Flash Fiction

One of the challenges that many authors face — both fiction and non-fiction —  is the task of choosing their words carefully.  Because words become sentences, and sentences become paragraphs, and paragraphs become elements of the project-at-hand, it’s important that the words that are selected serve a significant purpose — that they’re not there as filler or fluff.  It is that very selection, and your ability to recognize it, that makes you a writer. It is your ability to choose the exact words that convey what you want the reader to see, feel, smell, and touch (if only they could) and to cull out the ones that serve no purpose.

An excellent exercise for deliberately choosing words  and for stimulating the creative writing process is Flash Fiction.  I was introduced to Flash Fiction many years ago in one of my first creative writing courses, and to this day it’s one of my favorite writing practices.  Flash Fiction is a very short story, often stimulated by a writing prompt. Since the writer is limited to a select number of words, it’s crucial that you write with a heightened sense of attention-to-detail, but the framework of any story still needs to be there — the beginning, the middle, the end, along with dramatic tension, and character conflict and resolution.

One of my favorite quotes about writing short fiction comes from author Rebecca Makkai:

“Most stories we tell in real life are under 500 words. You’re at a party, everyone has a glass of wine, and suddenly you have the floor. You throw out your little story like a grenade. ‘Once I knew a guy who…’ And if you have any social graces at all, you probably keep it under 500. So my advice would be this: Don’t get all up in your head thinking short-short stories have to be poetry without the line breaks. Don’t put on your beret. Just tell a story, an actual story. Quick, while they’re still listening.”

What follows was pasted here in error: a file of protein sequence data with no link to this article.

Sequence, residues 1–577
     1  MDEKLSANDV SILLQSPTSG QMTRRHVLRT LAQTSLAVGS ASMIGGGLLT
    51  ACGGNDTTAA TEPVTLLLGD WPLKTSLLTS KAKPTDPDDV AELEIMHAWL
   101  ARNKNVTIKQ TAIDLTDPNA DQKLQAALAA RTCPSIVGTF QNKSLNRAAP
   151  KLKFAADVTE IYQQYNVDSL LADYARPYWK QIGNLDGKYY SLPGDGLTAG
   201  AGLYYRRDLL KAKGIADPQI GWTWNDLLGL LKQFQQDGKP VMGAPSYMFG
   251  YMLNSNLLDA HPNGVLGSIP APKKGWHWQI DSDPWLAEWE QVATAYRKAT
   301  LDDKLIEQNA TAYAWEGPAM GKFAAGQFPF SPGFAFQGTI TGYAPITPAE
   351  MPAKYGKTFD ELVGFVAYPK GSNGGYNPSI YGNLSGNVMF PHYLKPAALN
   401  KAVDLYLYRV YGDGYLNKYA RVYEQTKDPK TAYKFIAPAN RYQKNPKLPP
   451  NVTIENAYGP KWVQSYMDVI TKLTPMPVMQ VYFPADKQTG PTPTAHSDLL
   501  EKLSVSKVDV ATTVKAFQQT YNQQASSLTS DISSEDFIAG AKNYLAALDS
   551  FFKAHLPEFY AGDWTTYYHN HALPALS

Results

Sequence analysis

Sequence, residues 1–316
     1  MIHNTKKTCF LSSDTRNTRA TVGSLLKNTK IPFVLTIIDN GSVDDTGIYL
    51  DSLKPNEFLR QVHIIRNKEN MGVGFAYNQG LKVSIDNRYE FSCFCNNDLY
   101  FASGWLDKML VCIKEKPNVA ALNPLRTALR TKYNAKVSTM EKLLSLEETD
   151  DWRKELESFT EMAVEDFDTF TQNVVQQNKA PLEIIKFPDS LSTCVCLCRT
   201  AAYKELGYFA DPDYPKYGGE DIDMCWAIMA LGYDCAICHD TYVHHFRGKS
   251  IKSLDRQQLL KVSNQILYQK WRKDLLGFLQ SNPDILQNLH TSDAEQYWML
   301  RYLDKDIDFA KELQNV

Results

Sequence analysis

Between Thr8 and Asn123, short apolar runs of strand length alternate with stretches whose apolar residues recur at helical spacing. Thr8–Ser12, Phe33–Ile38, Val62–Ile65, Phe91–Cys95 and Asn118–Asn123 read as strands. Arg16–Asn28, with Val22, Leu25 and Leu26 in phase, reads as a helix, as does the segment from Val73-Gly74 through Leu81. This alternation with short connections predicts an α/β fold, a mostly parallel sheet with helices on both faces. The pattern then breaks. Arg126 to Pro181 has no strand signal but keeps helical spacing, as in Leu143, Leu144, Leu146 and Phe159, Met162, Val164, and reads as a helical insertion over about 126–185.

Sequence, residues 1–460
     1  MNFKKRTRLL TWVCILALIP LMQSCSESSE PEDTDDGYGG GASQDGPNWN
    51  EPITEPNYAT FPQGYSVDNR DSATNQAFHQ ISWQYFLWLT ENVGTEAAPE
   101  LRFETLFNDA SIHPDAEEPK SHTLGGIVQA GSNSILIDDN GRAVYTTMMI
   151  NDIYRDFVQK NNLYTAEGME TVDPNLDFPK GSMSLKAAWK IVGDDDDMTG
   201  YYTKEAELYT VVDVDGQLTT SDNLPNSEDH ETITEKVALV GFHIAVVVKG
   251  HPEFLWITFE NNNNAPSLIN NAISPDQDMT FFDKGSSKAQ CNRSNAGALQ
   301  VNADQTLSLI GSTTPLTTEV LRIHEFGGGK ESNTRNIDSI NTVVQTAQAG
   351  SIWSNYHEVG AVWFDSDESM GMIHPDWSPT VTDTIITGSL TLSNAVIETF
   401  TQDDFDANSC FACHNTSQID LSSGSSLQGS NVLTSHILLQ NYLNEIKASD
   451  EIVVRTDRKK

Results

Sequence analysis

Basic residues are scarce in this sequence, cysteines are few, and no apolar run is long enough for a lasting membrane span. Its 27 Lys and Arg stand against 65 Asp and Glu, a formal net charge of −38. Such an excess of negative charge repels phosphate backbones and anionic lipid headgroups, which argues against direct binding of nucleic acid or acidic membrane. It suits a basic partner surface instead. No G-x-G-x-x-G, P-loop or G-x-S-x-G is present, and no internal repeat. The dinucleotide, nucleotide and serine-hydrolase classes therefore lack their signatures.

Don’t you just love this? Because we’re writers, we are innately storytellers, whether we recognize it or not. Give Flash Fiction a try.  In fact, use On The Occasion of Writing as the platform for your stories.

On The Occasion of Writing: The Goal

When I began the development for On The Occasion of Writing, I envisioned a place where writers could go to have access to a plethora of writing information and inspiration.  The site is building, slowly but surely!  Because I believe so strongly in the benefits of short story and Flash Fiction writing, I am excited to announce the first Flash Fiction call for submissions for On The Occasion of Writing.

The rules are pretty simple: From the prompt provided, submit a 500-word flash fiction story.  In the comment section, we’ll allow readers to vote on their favorites!

Here’s your prompt, and the first line of your story:

Flash Fiction Prompt #1Quick….we’re listening!